But a lot of the time – a lot more of the time that you think – being genuinely nice to other people is the best-case scenario. It makes those around you feel great and you feel euphoric. It is the ultimate dopamine hit and the biggest high I’ve encountered. And, without divulging too much, I’ve auditioned a few others for the part.

You can be nice and witty; you can be dark-humoured and nice; you can be nice to some and really mean to others (I have an article about cultivating enemies brewing). But if you focus your energy on strategic models and sales techniques and crushing the other guy, I promise you, you will miss out on one of life’s great experiences. It’s not on Maslow but it should be: caring about someone else and being nice to them. Maybe even stretch it to very nice.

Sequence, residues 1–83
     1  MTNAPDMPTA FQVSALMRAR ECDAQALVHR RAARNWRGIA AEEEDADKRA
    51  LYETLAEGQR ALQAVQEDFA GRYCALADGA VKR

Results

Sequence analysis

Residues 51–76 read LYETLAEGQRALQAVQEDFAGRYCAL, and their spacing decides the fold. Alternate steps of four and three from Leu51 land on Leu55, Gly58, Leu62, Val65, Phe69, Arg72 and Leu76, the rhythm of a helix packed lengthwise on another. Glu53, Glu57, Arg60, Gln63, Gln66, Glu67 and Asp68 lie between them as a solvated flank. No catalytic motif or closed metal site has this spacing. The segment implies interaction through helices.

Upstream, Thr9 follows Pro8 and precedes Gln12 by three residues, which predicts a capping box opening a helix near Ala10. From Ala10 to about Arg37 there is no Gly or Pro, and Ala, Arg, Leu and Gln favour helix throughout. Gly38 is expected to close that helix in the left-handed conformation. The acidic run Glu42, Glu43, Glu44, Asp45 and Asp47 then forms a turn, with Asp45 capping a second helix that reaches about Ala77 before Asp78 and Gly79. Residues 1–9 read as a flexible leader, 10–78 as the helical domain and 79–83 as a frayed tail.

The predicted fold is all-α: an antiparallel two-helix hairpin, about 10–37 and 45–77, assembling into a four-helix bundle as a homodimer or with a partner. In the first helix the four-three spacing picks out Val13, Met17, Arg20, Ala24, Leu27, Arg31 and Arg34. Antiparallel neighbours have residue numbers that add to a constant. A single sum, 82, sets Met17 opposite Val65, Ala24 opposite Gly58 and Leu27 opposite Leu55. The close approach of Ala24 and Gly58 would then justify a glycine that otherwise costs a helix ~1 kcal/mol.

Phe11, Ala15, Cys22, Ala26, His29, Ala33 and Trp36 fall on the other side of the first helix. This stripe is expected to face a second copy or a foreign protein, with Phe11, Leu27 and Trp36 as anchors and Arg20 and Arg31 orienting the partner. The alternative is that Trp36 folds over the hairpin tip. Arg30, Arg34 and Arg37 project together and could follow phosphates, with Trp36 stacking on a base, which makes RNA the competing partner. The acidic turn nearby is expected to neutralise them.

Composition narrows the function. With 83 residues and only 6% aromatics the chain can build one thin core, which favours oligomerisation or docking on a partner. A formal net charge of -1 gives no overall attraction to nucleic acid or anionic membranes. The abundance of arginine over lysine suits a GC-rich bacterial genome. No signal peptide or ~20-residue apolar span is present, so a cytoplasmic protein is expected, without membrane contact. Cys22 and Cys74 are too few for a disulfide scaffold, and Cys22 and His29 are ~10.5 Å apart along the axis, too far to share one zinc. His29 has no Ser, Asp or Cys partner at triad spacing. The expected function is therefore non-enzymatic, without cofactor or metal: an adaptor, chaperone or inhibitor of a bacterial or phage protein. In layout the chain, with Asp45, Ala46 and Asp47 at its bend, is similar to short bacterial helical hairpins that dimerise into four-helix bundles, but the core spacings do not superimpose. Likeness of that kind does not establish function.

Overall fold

As a person running a business, I find that I have many opportunities every day to be nice. Nice to staff, nice to clients, nice to partners, nice to people who just need some niceness. And I also do things that aren’t nice, some of which I regret. Unlike the auto-hagiographies that line the bookstores, I do not claim a special wisdom or new theory of life or to have some kind of special pact with the divine.

I have just taught myself a simple skill: when the rage is rising or the testosterone is pumping or the easiest and most obvious thing to do is to kick the other person when they’re down, instead offer a hand and an open heart.

Bezos is like the virtuoso violinist or pianist, but of money. We happen to value money in a way we don’t value music and thus he stands on the highest peak of human accomplishment. But that one skill dissipates on closer inspection: its mostly luck combined with privilege and seductive charm. If he is genetically smart then that, too, is just lucky. You can’t get most of what he has no matter how much you study and read and work. What I am offering, you can have today. And you don’t have to change your personality or adopt some weird faith to get it.

Originally published in The Citizen.